New research presented at this year's annual meeting of the European Association for the Study of Diabetes in Stockholm shows that diabetic women are more at risk than diabetic men of having a heart attack and other complications as they age. The study is by Dr Giuseppe Seghieri, Regional Health Agency, Florence, Italy, and colleagues.
Previous research has revealed that diabetic women have a higher risk of cardiovascular events than diabetic men, when compared with the respective non-diabetic counterparts. However, it is unclear when this risk begins or how long it lasts. Thus the authors did a retrospective follow-up study along a period of eight years (from 2005 to 2012) of a cohort of diabetic patients living in Tuscany, a region of central Italy, comparing between genders the effect of age on diabetes related excess risk of hospitalisation for acute heart attack (acute myocardial infarction or AMI), ischemic stroke (IS), and congestive heart failure (CHF).
The authors pooled data from all Tuscan hospitals over the period 2005 to 2012, the general population registry of all inhabitants of Tuscany and a dataset containing the registry of all known diabetic patients from Tuscany. The effect of diabetes was separately measured in men and in women across this entire eight year period. In a total of 3,192,203 inhabitants aged more than 16 years (47% males), there were 24,605 hospitalisations for AMI (16,251 in men and 8,354 in women), 26,953 for IS (14,848 in men and 12,105 in women), 17,628 for CHF (8,403 in men and 9,225 in women).
After adjusting for age, the diabetes related excess risk, expressed as hazard ratio was, overall, significantly higher in women than in men hospitalised for AMI (2.63 times increased risk vs. 1.96 times for men, giving a relative increased risk of 34% in women). However the increased risk was overall similar between genders for those hospitalised for IS and CHF. After stratifying the population by age decades, however, diabetic women hospitalised for AMI had a significantly higher excess risk than diabetic men, along the entire age interval between decade 45-54 years up to age 75-84 years, with the highest difference found in age class 45-54 years (increased risk 5.83 times in women vs. 2.88 in men). In patients hospitalised for IS and CHF diabetic women had an excess risk higher than men from age 55-64 years up to 75-84 years, with the highest difference in age decade 55-64yr in both (4.14 v 3.05 for IS and 6.83 v 4.11 for CHF).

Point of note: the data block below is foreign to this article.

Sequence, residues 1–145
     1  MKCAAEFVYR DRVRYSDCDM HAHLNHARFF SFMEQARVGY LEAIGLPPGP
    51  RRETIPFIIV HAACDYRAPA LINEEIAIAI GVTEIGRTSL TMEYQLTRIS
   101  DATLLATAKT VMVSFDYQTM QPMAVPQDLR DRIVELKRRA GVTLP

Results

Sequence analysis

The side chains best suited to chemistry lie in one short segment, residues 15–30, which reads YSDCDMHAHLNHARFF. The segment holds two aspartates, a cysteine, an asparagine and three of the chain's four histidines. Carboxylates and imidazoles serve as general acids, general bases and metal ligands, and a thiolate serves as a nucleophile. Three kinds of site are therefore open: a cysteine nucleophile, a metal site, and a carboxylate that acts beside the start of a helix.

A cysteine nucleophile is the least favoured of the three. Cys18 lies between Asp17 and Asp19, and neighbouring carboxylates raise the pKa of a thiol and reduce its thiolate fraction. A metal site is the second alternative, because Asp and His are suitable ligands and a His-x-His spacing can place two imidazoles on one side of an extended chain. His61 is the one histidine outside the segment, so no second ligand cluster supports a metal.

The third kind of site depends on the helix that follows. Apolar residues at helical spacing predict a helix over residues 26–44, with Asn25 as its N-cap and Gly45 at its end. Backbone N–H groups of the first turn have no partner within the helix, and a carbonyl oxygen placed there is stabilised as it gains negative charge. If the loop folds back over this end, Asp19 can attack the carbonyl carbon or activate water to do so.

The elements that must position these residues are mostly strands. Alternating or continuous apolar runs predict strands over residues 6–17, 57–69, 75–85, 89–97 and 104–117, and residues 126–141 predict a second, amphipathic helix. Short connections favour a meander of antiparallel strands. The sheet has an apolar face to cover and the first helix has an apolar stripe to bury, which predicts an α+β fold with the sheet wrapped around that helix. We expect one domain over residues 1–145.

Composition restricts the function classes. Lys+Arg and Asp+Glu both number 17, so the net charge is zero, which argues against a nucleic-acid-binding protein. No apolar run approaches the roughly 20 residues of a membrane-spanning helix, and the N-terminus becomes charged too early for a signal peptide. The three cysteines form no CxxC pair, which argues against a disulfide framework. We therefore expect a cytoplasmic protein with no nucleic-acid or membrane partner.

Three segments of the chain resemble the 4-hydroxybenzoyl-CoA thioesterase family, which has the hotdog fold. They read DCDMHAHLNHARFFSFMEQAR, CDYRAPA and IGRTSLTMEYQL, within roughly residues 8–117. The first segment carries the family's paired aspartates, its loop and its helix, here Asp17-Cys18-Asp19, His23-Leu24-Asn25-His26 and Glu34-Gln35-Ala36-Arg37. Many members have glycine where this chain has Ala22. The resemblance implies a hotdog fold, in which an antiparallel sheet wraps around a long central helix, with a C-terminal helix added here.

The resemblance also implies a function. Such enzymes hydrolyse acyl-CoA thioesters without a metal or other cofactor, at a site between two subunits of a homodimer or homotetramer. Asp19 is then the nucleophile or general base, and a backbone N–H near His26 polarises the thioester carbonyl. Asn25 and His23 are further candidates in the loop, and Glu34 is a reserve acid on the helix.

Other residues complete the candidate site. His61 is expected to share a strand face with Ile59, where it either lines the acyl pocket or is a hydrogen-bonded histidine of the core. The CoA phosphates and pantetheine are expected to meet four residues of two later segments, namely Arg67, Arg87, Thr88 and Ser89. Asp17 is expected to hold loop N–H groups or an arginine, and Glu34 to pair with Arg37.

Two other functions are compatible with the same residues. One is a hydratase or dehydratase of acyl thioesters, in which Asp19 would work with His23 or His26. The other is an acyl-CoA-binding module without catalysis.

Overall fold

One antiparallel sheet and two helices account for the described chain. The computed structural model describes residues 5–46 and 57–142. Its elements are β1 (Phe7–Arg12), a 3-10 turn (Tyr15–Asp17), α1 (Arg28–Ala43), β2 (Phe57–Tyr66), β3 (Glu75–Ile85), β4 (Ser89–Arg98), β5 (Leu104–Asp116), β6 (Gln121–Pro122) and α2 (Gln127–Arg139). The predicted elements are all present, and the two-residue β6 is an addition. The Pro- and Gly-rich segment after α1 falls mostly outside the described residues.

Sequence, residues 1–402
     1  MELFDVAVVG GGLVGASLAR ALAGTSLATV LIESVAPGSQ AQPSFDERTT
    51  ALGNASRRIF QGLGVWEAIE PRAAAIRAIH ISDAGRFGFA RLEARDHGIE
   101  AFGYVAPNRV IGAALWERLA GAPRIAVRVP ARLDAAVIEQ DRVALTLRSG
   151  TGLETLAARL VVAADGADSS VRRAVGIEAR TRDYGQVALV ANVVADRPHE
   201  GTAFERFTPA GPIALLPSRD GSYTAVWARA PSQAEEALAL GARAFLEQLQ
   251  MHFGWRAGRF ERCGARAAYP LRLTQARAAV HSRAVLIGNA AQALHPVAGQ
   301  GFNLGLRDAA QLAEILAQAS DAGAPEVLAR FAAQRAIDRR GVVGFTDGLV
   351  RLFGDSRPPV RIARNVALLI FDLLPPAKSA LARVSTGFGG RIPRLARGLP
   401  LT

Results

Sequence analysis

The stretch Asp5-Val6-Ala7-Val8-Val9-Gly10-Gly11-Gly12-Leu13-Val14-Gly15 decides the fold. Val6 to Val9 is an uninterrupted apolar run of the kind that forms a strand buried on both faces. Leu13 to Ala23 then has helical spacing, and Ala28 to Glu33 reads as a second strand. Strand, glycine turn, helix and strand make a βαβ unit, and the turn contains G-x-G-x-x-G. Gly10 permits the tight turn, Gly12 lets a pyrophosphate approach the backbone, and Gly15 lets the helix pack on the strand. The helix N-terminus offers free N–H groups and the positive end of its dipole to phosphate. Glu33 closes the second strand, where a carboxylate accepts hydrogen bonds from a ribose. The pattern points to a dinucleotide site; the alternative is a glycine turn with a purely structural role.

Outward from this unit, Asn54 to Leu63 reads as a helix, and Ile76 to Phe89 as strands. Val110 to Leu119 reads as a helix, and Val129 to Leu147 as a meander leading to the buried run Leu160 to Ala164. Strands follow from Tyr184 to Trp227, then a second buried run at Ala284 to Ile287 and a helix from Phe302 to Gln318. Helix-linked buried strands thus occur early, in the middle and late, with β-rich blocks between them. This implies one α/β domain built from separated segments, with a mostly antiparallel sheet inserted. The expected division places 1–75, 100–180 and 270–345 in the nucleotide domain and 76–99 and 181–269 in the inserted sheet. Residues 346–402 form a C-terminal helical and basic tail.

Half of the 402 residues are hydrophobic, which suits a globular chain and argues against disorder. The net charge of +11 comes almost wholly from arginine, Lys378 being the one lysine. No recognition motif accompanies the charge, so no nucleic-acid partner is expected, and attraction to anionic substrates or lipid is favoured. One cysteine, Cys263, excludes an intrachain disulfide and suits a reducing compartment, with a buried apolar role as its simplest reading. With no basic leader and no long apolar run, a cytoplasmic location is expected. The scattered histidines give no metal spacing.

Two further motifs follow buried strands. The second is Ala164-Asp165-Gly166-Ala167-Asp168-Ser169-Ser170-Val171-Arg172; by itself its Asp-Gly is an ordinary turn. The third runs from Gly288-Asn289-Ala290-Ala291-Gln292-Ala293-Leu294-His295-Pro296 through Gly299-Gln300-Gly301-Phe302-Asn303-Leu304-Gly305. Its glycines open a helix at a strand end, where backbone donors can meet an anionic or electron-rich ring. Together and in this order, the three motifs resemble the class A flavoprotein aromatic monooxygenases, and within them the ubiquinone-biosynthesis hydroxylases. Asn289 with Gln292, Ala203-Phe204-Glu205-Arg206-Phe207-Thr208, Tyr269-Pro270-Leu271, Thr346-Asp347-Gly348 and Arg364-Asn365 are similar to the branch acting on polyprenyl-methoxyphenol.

The authors conclude: "In this cohort of Tuscan population the excess risk of cardiovascular events linked with diabetes is significantly different between genders. With respect to AMI, diabetic women are more disadvantaged, compared to diabetic men, with a gender driven 'risk window' for women which mostly opens around menopausal age (45 years onwards). Regarding IS and CHF, it opens later, in the postmenopausal age (55 years and over), and to a lesser extent. All this should focus attention on a timely, gender oriented, prevention of cardiovascular events in people with diabetes."
They add: "The risk for heart attack is different to that from the risk of stroke or CHF: both stroke and CHF appear on average later in the life than heart attacks, at a time when the risk associated with diabetes becomes smaller and smaller: thus gender difference in diabetes linked excess risk is smaller for IS and CHF. In addition the global burden of risk of stroke and/or CHF is built up with other elements—including atrial fibrillation, hypertension, salt intake—which altogether reduce the importance of diabetes itself."